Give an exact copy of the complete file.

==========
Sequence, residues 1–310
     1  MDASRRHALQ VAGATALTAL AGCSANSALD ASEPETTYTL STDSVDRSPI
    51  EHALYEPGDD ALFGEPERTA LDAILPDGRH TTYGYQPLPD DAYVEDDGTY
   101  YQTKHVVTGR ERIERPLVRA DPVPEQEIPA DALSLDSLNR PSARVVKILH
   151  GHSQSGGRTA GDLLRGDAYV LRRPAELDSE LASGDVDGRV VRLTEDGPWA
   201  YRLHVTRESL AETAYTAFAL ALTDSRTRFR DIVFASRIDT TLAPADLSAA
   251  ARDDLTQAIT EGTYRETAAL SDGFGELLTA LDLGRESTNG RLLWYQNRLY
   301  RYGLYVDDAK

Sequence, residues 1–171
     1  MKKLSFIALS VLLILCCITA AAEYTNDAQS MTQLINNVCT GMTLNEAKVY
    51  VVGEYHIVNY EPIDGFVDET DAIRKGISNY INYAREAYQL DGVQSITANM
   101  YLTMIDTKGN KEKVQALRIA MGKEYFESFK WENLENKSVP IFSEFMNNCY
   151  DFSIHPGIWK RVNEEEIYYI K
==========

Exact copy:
Sequence, residues 1–310
     1  MDASRRHALQ VAGATALTAL AGCSANSALD ASEPETTYTL STDSVDRSPI
    51  EHALYEPGDD ALFGEPERTA LDAILPDGRH TTYGYQPLPD DAYVEDDGTY
   101  YQTKHVVTGR ERIERPLVRA DPVPEQEIPA DALSLDSLNR PSARVVKILH
   151  GHSQSGGRTA GDLLRGDAYV LRRPAELDSE LASGDVDGRV VRLTEDGPWA
   201  YRLHVTRESL AETAYTAFAL ALTDSRTRFR DIVFASRIDT TLAPADLSAA
   251  ARDDLTQAIT EGTYRETAAL SDGFGELLTA LDLGRESTNG RLLWYQNRLY
   301  RYGLYVDDAK

Sequence, residues 1–171
     1  MKKLSFIALS VLLILCCITA AAEYTNDAQS MTQLINNVCT GMTLNEAKVY
    51  VVGEYHIVNY EPIDGFVDET DAIRKGISNY INYAREAYQL DGVQSITANM
   101  YLTMIDTKGN KEKVQALRIA MGKEYFESFK WENLENKSVP IFSEFMNNCY
   151  DFSIHPGIWK RVNEEEIYYI K